When Congress returns from summer recess on Monday, lawmakers will have plenty on their plates, especially the vexing issue of high prescription drug prices. Hill-watchers expect action on legislation from both parties which aim to reduce prices at the pharmacy counter, though there is scant consensus on specific policies. Most Congressional Democrats believe (and the National Committee agrees) that the Department of Health and Human Services must be allowed to negotiate drug prices with pharmaceutical companies on behalf of Medicare.
As Politico reported this week, the Democratic caucus awaits the release of Speaker Nancy Pelosi’s prescription for lowering drug prices:
“[The Speaker’s proposal] has been wrung through multiple closed-door negotiations with progressives to work out how many drugs the government could negotiate prices on and what penalties would be in store for defiant manufacturers. But divisions remain.” – Politico
Those divisions center around the question of what happens if Big Pharma refuses to negotiate drug prices in good faith. Pelosi’s bill is expected to call for binding arbitration if HHS and drug-makers reach an impasse; Progressive Democrats want to empower HHS to allow the licensing of generic versions of medications for which Big Pharma won’t negotiate fair prices. In fact, that’s exactly what a bill introduced by Rep. Lloyd Doggett (D-TX) would achieve.
“The National Committee endorses Congressman Doggett’s bill,” says Dan Adcock, NCPSSM’s Director of Government Relations and Policy, “But we’d support a bill from Democratic leadership that allows Medicare to negotiate drug prices, even if it doesn’t go as far as Rep. Doggett’s.”
Soon we will see whether leadership and Progressive Democrats can bridge their differences:
“Progressives warned Pelosi in a letter that locking them out of plans could turn them against the bill. On their wish list: permitting direct negotiation for all drugs and setting harsh penalties for manufacturers that refuse to cooperate.” – Politico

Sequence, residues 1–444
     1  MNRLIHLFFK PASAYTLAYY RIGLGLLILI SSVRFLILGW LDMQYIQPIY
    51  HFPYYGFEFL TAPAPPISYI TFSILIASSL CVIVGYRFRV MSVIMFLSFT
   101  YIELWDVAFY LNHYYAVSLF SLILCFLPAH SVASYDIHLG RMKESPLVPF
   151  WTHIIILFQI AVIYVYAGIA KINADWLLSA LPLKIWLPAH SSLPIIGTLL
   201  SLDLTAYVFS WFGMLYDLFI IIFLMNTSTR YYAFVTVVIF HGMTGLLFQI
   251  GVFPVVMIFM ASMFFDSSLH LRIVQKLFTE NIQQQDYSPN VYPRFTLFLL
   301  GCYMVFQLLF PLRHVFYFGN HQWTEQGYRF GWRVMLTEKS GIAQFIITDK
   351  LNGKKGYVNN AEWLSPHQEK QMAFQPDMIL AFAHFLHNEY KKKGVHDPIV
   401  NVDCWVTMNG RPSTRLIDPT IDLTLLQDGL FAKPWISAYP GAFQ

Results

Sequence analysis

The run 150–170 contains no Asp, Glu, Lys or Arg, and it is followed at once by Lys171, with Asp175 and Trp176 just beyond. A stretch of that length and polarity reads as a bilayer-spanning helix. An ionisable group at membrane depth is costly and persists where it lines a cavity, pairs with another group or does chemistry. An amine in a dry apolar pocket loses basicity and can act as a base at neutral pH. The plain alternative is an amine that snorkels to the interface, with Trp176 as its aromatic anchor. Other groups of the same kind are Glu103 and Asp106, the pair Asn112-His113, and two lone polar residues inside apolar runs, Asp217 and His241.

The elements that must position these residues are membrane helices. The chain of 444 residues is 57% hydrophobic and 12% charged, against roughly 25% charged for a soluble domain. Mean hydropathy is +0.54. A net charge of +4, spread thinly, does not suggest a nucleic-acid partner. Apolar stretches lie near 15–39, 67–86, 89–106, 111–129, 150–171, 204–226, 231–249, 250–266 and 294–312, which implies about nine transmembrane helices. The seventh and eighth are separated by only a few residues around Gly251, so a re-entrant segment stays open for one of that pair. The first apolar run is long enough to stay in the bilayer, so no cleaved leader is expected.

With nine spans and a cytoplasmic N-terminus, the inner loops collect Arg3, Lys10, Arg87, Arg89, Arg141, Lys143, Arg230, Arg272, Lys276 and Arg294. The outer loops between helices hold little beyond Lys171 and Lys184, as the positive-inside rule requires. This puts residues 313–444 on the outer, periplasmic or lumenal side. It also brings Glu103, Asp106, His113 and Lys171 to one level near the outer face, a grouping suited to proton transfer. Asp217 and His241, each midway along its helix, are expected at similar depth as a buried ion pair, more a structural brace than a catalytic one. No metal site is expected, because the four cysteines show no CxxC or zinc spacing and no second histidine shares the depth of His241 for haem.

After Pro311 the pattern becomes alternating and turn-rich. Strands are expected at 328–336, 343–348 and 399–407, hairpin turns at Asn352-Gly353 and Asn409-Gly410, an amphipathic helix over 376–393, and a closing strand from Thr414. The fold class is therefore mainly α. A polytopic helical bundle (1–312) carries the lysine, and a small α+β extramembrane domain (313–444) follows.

On the Senate side, the bipartisan Prescription Drug Pricing Reduction Act (PDPRA), introduced by Sens. Charles Grassley (R-IA) and Ron Wyden (D-OR), faces an uncertain future. The bill would cap Medicare beneficiaries’ out of pocket prescription drug costs at $3,100 – and penalize pharmaceutical companies for raising drug prices beyond the rate of inflation. Under the PDPRA, Medicare beneficiaries would save $27 billion in out-of-pocket costs over ten years.
The National Committee has endorsed the Grassley-Wyden bill, but Majority Leader Mitch McConnell has already expressed his opposition to the legislation and is unlikely to allow a floor vote.
“The question is: Who’s side is [McConnell] on? The side of the pharmaceutical lobby or is he on the side of patients and taxpayers?” – Sen. Ron Wyden (D-OR)
Seniors, in particular, need relief from soaring prescription drug prices. A recent AARP study found that older Americans with cancer, diabetes, and heart disease have experienced 100-200% price increases for common medications.
“When senior citizens are living on an average benefit of $26,000 of income annually and (they’re) facing a 200 percent increase in the cost of… medication – it’s time for action.” – Elaine Ryan, AARP vice president for state advocacy